1. Increased understanding of transmissible diseases
With the exception of those who started injecting disinfectant or refused to wear masks, health literacy has improved significantly since COVID-19 became part of our everyday lexicon. We are much better at washing our hands, covering coughs and sneezes, and procuring the latest health advice. A lot more people now understand how diseases are transmitted and that antibiotics won’t work for viral infections. Public health awareness may very well be at an all-time high. If we can preserve this improved literacy and maintain our good habits, we can hope to see much fewer cases of all transmissible diseases – now and into the future.
2. Rising interest in smoking cessation
Early in the pandemic, we began seeing evidence indicating that smokers were at greater risk of more severe COVID-19 outcomes. Some smokers took this information and ramped up their efforts to quit. Up to four times as many Australians were trying to quit smoking during the first few months of the pandemic. Some governments also took the opportunity to ramp up tobacco control. There have been bans on cigarette sales (South Africa, India) and measures taken to reduce smoking in public (Spain). Phasing out tobacco will not happen overnight, but so far, COVID-19 has had a positive impact in this area.
3. Improved air quality
Abrupt COVID-19 lockdowns led to an unprecedented reduction in traffic volumes and a significant drop in nitrogen dioxide concentrations. NASA satellites documented significant reductions in air pollution – 20-30 per cent in many cases – in major cities around the world. Nitrogen dioxide has a range of adverse health effects on the respiratory system. Although the changes didn’t last very long in Australia, it gave us an opportunity to consider the degree to which our behaviours impact air quality. Furthermore, we now know that radical and ambitious policies can be very effective in delivering positive environmental and health outcomes.
4. A (temporary) solution for poverty
In March, the Australian Government effectively doubled payments to the unemployed, single parents and students – introducing a new unconditional COVID-19 supplement to existing allowances. Thousands of people who had been living below the poverty line (including many Aboriginal and Torres Strait Islander people), were immediately elevated above it thanks to the doubling of Centrelink payments. It was the most substantial increase in aggregate Indigenous incomes since Indigenous people won rights to equal wages and the full range of social security payments between 1969 and 1977. The crisis reminded us once again that the social and economic determinants of health can be addressed… if we’re willing to invest in them.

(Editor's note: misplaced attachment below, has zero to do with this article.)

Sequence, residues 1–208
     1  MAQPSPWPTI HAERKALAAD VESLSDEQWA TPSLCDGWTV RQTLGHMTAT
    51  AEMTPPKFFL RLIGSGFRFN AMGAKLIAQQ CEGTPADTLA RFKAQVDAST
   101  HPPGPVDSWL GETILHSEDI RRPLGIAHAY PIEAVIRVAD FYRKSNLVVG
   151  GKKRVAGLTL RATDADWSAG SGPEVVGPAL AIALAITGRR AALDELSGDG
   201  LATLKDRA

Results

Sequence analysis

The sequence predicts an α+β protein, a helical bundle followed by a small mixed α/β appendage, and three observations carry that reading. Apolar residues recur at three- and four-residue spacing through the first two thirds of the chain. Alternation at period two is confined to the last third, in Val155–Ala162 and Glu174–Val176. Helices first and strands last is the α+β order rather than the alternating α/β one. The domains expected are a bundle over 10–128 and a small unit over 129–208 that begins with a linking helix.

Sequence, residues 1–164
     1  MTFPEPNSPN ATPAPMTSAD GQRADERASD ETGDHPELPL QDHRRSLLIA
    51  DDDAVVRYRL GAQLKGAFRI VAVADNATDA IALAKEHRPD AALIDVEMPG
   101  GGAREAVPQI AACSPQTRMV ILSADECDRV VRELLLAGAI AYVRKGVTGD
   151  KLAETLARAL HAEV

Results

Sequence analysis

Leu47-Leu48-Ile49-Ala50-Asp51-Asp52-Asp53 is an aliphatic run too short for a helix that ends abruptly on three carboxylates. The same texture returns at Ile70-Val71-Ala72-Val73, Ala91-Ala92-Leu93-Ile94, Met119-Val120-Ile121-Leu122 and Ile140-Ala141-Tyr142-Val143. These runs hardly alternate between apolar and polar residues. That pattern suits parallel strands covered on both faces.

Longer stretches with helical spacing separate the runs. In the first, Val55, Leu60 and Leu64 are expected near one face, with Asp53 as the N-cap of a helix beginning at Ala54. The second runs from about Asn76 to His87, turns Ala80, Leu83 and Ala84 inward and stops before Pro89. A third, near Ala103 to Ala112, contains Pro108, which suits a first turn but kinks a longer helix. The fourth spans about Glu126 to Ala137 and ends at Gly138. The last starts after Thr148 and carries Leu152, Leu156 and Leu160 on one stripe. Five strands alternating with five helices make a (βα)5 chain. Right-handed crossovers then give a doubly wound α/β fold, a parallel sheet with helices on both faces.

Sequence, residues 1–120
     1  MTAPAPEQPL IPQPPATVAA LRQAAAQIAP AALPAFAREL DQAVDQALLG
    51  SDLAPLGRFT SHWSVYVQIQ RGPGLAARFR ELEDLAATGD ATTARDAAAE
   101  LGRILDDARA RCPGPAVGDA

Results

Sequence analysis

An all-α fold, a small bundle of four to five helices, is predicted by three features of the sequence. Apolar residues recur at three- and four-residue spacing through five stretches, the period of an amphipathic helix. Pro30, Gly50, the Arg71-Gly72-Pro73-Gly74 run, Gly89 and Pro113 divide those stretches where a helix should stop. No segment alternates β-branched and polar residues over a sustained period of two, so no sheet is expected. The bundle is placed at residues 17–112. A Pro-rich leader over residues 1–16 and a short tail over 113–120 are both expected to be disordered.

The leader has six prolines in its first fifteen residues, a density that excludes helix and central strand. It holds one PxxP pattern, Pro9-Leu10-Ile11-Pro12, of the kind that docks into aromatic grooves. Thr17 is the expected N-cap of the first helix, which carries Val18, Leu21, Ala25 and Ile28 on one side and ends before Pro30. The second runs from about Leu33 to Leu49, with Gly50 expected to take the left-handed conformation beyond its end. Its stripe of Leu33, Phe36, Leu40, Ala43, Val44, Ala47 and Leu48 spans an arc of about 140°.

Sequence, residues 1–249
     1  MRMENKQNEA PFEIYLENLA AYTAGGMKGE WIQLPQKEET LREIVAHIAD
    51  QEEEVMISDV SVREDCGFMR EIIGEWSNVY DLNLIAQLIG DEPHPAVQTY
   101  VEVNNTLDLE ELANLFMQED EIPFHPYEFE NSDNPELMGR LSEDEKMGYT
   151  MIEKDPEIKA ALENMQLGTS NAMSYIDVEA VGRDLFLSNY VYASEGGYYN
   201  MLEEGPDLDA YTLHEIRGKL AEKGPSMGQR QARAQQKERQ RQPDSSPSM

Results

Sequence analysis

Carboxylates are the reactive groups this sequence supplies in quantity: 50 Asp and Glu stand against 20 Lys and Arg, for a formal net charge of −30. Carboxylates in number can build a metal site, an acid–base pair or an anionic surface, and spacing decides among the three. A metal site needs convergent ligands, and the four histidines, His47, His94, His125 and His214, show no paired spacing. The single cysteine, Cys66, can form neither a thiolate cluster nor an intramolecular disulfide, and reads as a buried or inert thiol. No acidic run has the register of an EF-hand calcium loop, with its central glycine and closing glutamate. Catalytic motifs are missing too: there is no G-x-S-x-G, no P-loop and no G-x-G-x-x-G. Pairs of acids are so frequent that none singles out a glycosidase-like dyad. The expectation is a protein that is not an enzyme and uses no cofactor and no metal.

5. Influenza vax rates up / deaths down
The COVID-19 pandemic has had a spectacular influence on influenza vaccine coverage. More than 1.05 million Western Australians have had a flu shot in 2020 (up from 861,247 in 2019). Data from the Australian Department of Health revealed just 36 influenza-associated deaths were registered across the country to October, compared to 943 in the same period in 2019. There has also been a huge drop in flu cases from more than 300,000 last year to a mere 21,215 so far in 2020. The World Health Organization (WHO) has observed similar trends, with less influenza globally, despite continued or increased levels of testing due to the pandemic.
1. More than a million deaths
COVID-19 has caused death and disease. People around the world have watched loved ones get sick and die. At the latest count, there have been more than 60.3 million cases and 1.4 million global deaths. In some countries, the virus is out of control and case numbers will continue on a steep upward trajectory.
2. Increased demand for mental health support
One of the direst consequences of the pandemic in our country has been the increase in mental illness. Australians have been seriously impacted by fear, anxiety, depression, confusion and panic. In June, Lifeline reported a 25 per cent increase in calls from Australians in distress. The COVID-19 pandemic has been described as the “perfect storm” for increased suicide risk. Australia is desperate for a renewed and expanded focus on the mental health of our population – this will need significant investment and collaborative arrangements between public, private, community and acute services.
3. Domestic Violence
For many people, especially women, the threat of violence in their own home has been much greater than the threat of COVID-19. Even before the pandemic started, one in every six women had experienced physical or sexual violence from her current or ex-partner, and one woman was killed by her current or ex-partner every nine days. Since the COVID-19 lockdown conditions were imposed, several domestic abuse charities have reported a surge in calls to helplines. Google reported a 75 per cent increase in internet searches relating to support for domestic violence. The cost of this increase is being paid by women – our mothers, sisters and daughters.
References available upon request.